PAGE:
It feels like the long tailpipe argument never goes away. Simply put, full life-cycle emissions of electric vehicles (EVs) are no different to that of a conventional vehicle. But, this is no longer the case. Fresh research tells us that 75 percent of people in the US live in places where driving on electricity is cleaner than a 50 MPG gasoline car.
In the manufacturing stage, EVs are more carbon intensive when taking into account parts production and transportation. According to the UCS, manufacturing a mid-sized EV with an 84-mile range results in about 15 percent more emissions than producing an equivalent gasoline vehicle, this is mainly because of the raw materials and energy required for the Lithium-ion battery. However, when you include full lifecycle emissions, charging and driving, EVs come out on top.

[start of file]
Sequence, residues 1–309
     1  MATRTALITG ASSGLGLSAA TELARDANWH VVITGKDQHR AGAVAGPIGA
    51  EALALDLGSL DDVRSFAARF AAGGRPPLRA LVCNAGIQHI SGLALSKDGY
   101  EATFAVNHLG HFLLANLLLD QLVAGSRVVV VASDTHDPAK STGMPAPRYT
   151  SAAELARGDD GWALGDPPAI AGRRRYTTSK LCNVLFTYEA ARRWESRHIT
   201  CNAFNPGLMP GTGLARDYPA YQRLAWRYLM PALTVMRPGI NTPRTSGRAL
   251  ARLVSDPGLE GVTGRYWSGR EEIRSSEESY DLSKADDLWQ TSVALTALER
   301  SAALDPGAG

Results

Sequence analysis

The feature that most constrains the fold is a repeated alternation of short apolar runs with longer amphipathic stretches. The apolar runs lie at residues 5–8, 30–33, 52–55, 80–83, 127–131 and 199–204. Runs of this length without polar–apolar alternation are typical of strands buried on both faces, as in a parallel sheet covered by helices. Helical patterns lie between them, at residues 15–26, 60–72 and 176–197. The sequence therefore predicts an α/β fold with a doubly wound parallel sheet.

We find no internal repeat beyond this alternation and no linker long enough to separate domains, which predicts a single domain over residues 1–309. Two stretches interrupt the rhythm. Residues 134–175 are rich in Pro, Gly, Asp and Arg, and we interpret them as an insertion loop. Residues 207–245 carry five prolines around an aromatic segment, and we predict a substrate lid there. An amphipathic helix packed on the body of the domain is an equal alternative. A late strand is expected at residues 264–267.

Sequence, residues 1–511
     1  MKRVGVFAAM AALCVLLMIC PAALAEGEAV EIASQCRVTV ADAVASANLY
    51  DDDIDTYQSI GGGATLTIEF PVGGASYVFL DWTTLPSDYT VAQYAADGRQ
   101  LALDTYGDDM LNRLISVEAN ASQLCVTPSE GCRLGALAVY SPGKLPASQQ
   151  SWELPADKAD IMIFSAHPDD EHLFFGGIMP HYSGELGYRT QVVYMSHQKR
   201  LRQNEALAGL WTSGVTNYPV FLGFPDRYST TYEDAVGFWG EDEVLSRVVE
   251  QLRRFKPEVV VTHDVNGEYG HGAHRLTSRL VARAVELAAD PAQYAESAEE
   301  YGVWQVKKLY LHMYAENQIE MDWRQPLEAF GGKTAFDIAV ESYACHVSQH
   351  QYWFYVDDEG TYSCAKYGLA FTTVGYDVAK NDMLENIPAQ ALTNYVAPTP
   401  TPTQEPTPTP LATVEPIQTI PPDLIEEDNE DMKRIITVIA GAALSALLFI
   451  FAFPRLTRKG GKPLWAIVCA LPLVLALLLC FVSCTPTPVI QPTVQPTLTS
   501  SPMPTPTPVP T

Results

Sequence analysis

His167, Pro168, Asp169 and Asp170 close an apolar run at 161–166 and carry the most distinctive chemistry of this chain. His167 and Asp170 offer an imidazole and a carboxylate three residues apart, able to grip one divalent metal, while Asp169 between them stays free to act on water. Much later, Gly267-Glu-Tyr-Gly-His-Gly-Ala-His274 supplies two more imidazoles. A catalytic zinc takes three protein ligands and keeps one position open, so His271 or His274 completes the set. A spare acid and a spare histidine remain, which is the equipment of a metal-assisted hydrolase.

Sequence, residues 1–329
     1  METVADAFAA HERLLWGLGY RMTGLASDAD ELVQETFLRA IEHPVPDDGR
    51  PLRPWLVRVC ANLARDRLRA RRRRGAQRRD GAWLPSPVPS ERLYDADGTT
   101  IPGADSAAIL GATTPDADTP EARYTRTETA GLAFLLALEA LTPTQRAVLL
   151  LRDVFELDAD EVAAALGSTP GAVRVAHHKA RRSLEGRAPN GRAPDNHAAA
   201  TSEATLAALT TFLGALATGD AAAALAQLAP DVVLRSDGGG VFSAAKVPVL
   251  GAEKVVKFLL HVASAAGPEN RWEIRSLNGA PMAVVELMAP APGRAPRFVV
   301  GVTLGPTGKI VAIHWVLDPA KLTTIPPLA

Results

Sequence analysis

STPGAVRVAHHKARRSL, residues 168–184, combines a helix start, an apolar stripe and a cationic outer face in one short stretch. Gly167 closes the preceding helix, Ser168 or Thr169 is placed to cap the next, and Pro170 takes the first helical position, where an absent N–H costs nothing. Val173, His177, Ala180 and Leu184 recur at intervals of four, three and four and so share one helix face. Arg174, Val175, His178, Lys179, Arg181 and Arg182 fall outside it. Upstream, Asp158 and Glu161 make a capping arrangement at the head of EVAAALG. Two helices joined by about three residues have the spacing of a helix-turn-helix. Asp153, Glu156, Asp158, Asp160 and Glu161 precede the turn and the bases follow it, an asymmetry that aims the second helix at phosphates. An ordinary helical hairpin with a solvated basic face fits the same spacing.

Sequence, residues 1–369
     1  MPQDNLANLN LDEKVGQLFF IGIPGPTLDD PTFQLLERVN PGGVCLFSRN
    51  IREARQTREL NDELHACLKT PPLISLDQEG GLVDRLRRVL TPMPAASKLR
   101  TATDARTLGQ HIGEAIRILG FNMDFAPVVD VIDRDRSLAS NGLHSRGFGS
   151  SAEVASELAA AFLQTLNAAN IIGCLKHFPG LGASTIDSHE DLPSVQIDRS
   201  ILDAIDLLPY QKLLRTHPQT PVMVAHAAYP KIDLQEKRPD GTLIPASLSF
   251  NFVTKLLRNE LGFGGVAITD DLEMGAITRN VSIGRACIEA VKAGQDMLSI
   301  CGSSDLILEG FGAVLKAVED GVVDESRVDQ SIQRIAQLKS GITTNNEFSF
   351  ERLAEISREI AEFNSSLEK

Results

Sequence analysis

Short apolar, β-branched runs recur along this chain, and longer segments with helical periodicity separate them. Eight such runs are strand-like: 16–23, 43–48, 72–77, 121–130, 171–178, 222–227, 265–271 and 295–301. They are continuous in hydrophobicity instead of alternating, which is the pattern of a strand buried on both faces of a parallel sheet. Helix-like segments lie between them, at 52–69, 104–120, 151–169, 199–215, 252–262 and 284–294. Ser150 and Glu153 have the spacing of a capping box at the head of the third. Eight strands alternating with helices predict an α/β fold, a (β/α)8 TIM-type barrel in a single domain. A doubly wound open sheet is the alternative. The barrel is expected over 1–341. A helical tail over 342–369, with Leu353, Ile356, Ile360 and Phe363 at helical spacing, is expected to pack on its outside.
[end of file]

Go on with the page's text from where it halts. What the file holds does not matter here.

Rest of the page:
EVs produce fewer emissions now because the electric grid is getting cleaner.
How clean the electricity is, depends on the geographical location. For example, In the Midwest, electricity generation remains heavily reliant on Coal and Natural Gas, whereas, in the far West, larger-scale renewable infrastructure is in place to serve more of the electricity demand.In the future, innovation will help decarbonize the whole EV lifecycle process. First in manufacturing. Environmentally friendly materials particularly with regards to battery compounds. And, second EV charging. Building out renewable infrastructure will help clean up the electricity grid and in turn the charging process.